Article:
I find this particular final position from a personal game intriguing. Even though there's a material advantage, there's no clear path to the victory. Does anyone have any good ideas on how to crack this nut?

[Event "Liga CS Jug"]
[Site "Niska Banja"]
[Date "2016.10.15"]
[Round "8"]
[White "Bojkovic"]
[Black "Djokic"]
[Result "1/2-1/2"]
[ECO "B41"]
[WhiteElo "2234"]
[BlackElo "2329"]
[Source "Analyze This (Free)"]
[FEN ""]
[startply "130"]

1. e4 c5 2. Nf3 e6 3. d4 cxd4 4. Nxd4 a6 5. c4 Nf6 6. Nc3 Qc7 7. Be2 b6 8. O-O Bb7 9. Qd3 Nc6 10. Nxc6 Bxc6 11. a4 h5 12. h3 Bc5 13. Bg5 Qe5 14. Bxf6 gxf6 15. Bf3 a5 16. Rfd1 Kf8 17. b3 Rg8 18. Ne2 Rd8 19. Rac1 Ke7 20. Rc2 Bd6 21. Kf1 Bc5 22. Nc3 Rg5 23. Re2 Kf8 24. Ree1 h4 25. Nd5 Kg7 26. Ne3 Qf4 27. Ng4 Kf8 28. Qc3 Bb4 29. Qxf6 Qxf6 30. Nxf6 Ke7 31. Ng4 Bxe1 32. Kxe1 d6 33. Ne3 Bb7 34. Ke2 Re5 35. Rd4 Rg8 36. Ng4 Rc5 37. Ne3 Rd8 38. Rd2 Ba8 39. Rd4 Re5  1/2-1/2
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    I suppose you are only interested in the final position, but otherwise opening the center with 32...f5! was certainly decisive. – Evargalo Nov 22 '19 at 9:12
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    Please use comments to help improving the question; answers should be posted as answers. – Glorfindel Nov 22 '19 at 10:14
  • @Evargalo I definitely missed that and played it "safe" with d6. The move f5 then would make everything a lot easier. I underestimated the white's chances to draw and keep the "fortress". – Vladan Nov 22 '19 at 16:48

I have been looking at this with a fairly strong computer for about 15 minutes (and the judgment of having been a Master for 30+ years and forcing in plausible lines), and I am convinced that this is a positional draw.

White is obviously worse per the computer eval, but he can keep the position exactly as it is by either moving his K from e2 to d3 and back (sometimes f1 if there is a threat to take on g2), or his Rd4 back and forth to d1 if black moves the Re5 away so e4 is not hanging. So, that leaves only to look at what can black do.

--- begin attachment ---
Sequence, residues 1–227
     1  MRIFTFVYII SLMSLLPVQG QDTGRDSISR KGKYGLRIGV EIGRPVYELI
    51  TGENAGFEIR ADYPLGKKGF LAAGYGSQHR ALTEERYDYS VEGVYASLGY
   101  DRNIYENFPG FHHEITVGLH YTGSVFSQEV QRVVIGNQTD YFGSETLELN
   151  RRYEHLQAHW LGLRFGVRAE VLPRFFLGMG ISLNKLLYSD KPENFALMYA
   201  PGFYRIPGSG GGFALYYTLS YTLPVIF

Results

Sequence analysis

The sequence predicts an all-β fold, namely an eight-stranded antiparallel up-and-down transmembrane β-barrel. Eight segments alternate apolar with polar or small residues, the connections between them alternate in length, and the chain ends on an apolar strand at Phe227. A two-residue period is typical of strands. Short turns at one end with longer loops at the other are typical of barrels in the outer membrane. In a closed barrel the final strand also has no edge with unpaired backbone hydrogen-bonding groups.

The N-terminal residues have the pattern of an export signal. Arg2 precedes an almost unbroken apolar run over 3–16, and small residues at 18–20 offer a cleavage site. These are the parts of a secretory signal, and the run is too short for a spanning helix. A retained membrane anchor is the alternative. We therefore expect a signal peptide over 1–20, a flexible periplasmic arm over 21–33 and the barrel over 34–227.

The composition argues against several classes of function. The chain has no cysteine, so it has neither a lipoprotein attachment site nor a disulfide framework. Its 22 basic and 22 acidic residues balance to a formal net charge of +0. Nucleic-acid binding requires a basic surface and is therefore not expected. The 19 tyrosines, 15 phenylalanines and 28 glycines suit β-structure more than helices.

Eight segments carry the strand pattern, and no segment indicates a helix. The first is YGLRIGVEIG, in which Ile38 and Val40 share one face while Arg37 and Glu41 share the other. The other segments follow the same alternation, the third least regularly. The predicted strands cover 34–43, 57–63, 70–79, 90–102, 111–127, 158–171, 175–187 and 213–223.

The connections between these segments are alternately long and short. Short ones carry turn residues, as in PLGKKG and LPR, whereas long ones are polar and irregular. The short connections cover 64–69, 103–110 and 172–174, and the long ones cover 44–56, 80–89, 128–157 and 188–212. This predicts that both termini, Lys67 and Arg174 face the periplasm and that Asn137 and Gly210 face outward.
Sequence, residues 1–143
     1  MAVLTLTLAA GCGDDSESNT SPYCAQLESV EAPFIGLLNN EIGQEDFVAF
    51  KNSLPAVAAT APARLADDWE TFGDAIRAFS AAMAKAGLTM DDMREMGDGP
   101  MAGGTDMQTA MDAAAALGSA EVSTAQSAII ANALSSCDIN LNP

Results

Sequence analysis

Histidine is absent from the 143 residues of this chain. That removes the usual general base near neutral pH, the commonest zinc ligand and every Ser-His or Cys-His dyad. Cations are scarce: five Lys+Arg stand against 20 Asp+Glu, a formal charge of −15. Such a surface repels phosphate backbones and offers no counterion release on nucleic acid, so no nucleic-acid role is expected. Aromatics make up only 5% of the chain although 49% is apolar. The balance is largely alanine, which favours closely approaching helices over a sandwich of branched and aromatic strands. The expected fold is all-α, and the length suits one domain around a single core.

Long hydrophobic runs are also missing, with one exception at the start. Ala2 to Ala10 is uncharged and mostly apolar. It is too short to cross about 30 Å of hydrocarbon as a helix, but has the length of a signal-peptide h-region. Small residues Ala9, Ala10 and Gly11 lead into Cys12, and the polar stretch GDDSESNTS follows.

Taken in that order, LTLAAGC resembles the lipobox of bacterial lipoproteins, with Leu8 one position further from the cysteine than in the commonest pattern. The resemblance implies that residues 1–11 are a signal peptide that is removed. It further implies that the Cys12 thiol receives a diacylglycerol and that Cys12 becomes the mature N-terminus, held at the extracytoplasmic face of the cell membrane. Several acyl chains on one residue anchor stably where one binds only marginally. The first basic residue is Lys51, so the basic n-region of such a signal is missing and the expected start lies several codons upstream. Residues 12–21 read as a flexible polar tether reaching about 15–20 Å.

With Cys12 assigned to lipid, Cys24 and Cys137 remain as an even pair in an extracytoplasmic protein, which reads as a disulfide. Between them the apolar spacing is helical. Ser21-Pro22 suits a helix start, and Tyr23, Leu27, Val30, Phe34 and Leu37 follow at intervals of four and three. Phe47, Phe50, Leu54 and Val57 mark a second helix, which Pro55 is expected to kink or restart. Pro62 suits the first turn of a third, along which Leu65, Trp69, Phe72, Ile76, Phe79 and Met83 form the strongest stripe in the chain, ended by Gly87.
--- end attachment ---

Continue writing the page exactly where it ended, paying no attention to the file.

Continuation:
You have to look at black's pawn breaks. Clearly, b5 is out as cb actually leaves white better. d5 just loses. f5, which would be the standard try, is never any good because after ef and the bishop trade on f3, that will leave a monster N to go to d5, and that will also keep black tied to the weak pawn on b6. That only leaves the attempt to double rooks on the g-file, and sacrifice on g2, but it is already defended twice, and can even be over-protected with Kf1 if it looks like it might work for black.

Lastly, on top of b6 being weak if f5 gets played, h4 also becomes an immediate target along the fourth rank.

My opinion is that if black tries to win, especially with f5, he is probably going to be worse, and it will be he, who is fighting for the draw. Sorry, I just do not think that there is a way to crack that nut. Try too hard, and you might break an egg though. :)

  • Was my title change a good idea? – Rewan Demontay Nov 21 '19 at 21:36
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    @RewanDemontay Yes, in that case, I do believe that it does not just change the original question and words, but improves it. – PhishMaster Nov 21 '19 at 21:38
  • What about g3 and Ng2? – Jossie Calderon Nov 21 '19 at 23:03
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    @JossieCalderon Only black can win this, so white must be patient. Trying to play for a win with white is suicide. 40.g3?? hg 41.fg Rg8 42.Kf2 and now that white has created some serious weaknesses, 42...f5 wins here due to 43.ef Re3! 44.Ke3 Rg3. Just because you can "crack open" a position, that does not mean you should. – PhishMaster Nov 22 '19 at 0:10
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    P.S. if instead of Kg2, 42.g4, then again, f5 wins after 42...Rh8 43.Bg2 f5! 44.gf ef and if 45.Nf5+ Rf5 46.ef Bg2 -+. – PhishMaster Nov 22 '19 at 0:13

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